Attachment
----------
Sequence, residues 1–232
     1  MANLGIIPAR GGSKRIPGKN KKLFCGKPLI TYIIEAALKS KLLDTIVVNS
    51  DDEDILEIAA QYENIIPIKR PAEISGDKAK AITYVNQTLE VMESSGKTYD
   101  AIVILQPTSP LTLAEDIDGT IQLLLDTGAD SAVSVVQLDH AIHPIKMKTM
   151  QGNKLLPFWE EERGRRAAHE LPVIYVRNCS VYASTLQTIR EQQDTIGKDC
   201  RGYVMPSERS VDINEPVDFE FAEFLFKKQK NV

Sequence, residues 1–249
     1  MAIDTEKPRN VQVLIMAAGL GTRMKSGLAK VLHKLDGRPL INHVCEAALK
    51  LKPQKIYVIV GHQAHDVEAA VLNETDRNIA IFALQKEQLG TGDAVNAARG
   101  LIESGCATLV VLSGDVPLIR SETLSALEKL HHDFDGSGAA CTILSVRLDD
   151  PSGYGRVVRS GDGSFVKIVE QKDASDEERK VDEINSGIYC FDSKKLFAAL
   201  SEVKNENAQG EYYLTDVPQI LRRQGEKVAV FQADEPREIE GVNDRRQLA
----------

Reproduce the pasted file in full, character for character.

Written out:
Sequence, residues 1–232
     1  MANLGIIPAR GGSKRIPGKN KKLFCGKPLI TYIIEAALKS KLLDTIVVNS
    51  DDEDILEIAA QYENIIPIKR PAEISGDKAK AITYVNQTLE VMESSGKTYD
   101  AIVILQPTSP LTLAEDIDGT IQLLLDTGAD SAVSVVQLDH AIHPIKMKTM
   151  QGNKLLPFWE EERGRRAAHE LPVIYVRNCS VYASTLQTIR EQQDTIGKDC
   201  RGYVMPSERS VDINEPVDFE FAEFLFKKQK NV

Sequence, residues 1–249
     1  MAIDTEKPRN VQVLIMAAGL GTRMKSGLAK VLHKLDGRPL INHVCEAALK
    51  LKPQKIYVIV GHQAHDVEAA VLNETDRNIA IFALQKEQLG TGDAVNAARG
   101  LIESGCATLV VLSGDVPLIR SETLSALEKL HHDFDGSGAA CTILSVRLDD
   151  PSGYGRVVRS GDGSFVKIVE QKDASDEERK VDEINSGIYC FDSKKLFAAL
   201  SEVKNENAQG EYYLTDVPQI LRRQGEKVAV FQADEPREIE GVNDRRQLA